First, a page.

As a new age begins, it is important to know what age it is that ends. As we move to networked communication, it is not the age of writing that is ending, nor specially the age of the printed book. It is rather the end of the life span of the codex (the familiar form of rectangular pages sewn and gathered between covers), the invention that revolutionized the arrangement and processing of information in the earliest centuries of the common era. Consideration of the modes of storage and access (including early foreshadowings of hypertext) in the age of the manuscript codex will lead to reflections on what is likely to abide in the new forms of information processing and what is likely to pass away. Forms fade, structure abides.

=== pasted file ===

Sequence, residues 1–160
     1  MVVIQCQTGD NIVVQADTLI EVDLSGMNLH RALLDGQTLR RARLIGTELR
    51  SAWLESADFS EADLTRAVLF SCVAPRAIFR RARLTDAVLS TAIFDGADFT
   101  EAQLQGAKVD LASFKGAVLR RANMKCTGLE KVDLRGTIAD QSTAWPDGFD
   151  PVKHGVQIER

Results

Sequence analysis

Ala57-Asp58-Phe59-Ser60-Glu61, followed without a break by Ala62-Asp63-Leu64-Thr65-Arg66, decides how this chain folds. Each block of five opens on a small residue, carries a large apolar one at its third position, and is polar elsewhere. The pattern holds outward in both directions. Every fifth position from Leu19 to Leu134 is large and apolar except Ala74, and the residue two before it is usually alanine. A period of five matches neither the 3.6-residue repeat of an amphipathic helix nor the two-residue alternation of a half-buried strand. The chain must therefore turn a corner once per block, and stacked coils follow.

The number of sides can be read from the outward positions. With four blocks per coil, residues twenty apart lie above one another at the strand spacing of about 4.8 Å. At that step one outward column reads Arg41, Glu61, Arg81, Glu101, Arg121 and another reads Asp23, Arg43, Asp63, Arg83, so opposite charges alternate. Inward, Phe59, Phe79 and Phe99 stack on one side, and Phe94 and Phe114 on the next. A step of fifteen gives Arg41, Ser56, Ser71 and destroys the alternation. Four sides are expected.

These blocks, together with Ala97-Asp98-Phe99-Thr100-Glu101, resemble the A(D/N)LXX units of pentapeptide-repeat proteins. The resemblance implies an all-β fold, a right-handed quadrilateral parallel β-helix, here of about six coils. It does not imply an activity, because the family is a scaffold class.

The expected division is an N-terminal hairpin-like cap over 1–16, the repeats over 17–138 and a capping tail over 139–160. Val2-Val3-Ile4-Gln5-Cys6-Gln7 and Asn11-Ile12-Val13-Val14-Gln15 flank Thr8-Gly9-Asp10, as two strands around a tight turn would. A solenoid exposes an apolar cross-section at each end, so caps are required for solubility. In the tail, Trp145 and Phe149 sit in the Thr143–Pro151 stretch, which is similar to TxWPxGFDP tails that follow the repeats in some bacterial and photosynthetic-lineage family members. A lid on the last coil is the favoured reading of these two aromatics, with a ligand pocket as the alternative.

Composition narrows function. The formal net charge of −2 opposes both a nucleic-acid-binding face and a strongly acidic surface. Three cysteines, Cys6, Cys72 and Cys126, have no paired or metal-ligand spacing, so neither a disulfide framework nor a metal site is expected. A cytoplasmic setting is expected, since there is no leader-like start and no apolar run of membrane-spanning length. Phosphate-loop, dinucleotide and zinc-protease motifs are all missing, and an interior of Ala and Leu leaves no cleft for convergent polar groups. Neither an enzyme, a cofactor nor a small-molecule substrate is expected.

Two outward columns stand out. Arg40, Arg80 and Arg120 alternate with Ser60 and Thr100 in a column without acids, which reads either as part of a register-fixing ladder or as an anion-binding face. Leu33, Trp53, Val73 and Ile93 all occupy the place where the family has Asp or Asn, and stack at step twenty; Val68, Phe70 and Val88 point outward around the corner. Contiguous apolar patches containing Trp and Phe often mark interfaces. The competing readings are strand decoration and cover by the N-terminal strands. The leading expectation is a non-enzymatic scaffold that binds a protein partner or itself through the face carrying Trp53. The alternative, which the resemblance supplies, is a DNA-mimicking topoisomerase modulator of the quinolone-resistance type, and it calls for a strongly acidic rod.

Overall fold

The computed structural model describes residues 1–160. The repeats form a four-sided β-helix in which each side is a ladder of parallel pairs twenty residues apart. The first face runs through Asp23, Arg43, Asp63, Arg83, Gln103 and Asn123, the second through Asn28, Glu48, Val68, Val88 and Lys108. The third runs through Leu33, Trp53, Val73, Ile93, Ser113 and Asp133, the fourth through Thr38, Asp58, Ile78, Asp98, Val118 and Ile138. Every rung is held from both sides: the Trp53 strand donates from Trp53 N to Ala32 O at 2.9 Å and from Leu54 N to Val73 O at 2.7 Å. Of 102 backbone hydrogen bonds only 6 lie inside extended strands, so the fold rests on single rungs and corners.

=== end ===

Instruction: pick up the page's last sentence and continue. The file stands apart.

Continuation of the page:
ASJC Scopus subject areas
- Library and Information Sciences